NGC delivers final Nimitz-class aircraft carrier to US Navy

Northrop Grumman Corporation has delivered the USS George HW Bush (CVN 77) to the US Navy, describing the $6.2 billion ship as the most advanced nuclear-powered aircraft carrier ever built.
The Bush, named for World War Two naval aviator and the 41st US President (his son was the 43rd) is the 10th and final Nimitz-class aircraft carrier and was constructed by the company’s shipbuilding sector in Newport News, Virginia.
“We are proud to be part of history by delivering the final Nimitz-class carrier to the Navy today,” said Ken Mahler, vice president of Navy programs at Northrop Grumman Shipbuilding in Newport News.
“It represents the culmination of years of hard work, craftsmanship and dedication by thousands of shipbuilders, whose work will remain with the fleet for the next 50 years.”

At 332.8m the Bush is nearly as long as the Empire State Building is tall. It weighs 97,000 tons, can carry more than 80 combat aircraft and its top speed exceeds 30 knots. Powered with two nuclear reactors, it will operate for more than 20 years without refueling.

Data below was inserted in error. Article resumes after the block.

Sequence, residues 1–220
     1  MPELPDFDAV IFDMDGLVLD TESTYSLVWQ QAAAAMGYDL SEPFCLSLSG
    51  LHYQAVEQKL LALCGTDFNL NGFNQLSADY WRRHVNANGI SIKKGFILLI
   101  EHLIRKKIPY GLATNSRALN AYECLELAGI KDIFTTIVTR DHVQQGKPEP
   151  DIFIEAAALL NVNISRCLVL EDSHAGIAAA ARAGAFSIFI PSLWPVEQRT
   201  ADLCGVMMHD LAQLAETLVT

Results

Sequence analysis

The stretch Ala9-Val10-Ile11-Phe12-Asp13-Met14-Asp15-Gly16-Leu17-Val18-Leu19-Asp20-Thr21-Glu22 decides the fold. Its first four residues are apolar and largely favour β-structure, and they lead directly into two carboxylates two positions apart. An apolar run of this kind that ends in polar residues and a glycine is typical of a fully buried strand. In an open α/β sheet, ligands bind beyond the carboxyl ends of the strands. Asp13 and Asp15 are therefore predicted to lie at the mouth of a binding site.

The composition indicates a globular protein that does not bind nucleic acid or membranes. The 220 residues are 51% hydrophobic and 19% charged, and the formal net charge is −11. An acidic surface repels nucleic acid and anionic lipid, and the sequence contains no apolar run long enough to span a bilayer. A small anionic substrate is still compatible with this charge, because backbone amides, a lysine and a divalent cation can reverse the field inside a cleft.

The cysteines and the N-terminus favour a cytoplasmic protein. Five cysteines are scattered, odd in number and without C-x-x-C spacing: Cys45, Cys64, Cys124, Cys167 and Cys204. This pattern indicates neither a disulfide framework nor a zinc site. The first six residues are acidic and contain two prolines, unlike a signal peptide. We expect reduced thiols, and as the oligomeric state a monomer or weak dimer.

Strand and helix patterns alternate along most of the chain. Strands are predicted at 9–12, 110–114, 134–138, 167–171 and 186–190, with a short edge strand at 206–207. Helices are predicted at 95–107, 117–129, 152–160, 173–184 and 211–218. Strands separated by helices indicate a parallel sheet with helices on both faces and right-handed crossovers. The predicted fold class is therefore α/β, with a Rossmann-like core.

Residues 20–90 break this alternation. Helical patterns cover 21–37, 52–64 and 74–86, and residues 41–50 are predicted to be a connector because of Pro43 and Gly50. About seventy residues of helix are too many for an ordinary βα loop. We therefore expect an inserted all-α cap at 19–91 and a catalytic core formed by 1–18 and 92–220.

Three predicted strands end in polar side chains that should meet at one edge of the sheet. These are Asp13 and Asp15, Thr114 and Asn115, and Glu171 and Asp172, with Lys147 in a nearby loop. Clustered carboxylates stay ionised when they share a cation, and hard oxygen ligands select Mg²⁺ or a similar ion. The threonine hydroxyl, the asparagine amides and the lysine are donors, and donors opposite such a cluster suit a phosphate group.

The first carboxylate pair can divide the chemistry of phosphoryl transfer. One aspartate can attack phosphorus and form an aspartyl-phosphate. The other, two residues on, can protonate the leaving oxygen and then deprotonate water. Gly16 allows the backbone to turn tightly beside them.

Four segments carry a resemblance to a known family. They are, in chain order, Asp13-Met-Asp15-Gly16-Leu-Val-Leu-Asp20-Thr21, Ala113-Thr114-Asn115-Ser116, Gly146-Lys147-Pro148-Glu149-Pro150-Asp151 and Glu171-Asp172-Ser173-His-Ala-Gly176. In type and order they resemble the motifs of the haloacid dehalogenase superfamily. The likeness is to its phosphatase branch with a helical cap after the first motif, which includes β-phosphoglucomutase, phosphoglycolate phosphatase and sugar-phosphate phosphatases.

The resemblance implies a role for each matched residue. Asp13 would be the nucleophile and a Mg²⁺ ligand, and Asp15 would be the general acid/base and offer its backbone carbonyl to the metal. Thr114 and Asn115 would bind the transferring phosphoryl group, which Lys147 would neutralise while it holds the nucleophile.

Construction began in 2001 at Northrop Grumman`s Newport News shipyard. She was christened on October 7, 2006 and was commissioned January 10 this year. The carrier completed her acceptance sea trials on April 10.
The wikipedia notes the Bush is just the second US aircraft carrier to be named after a naval aviator; the USS Forrestal was the first.
The Bush is also the second aircraft carrier, following Ronald Reagan, to be named after a living former president, although Reagan has since died.
While still a Nimitz class ship, the George H. W. Bush differs significantly from her predecessors and also includes come South African technology developed by Cape-based company CCII.
 The next US carrier, CVN-78, will be the USS Gerald R. Ford, the first of the Gerald R. Ford class of aircraft carriers, using the basic hull design of the preceding Nimitz-class.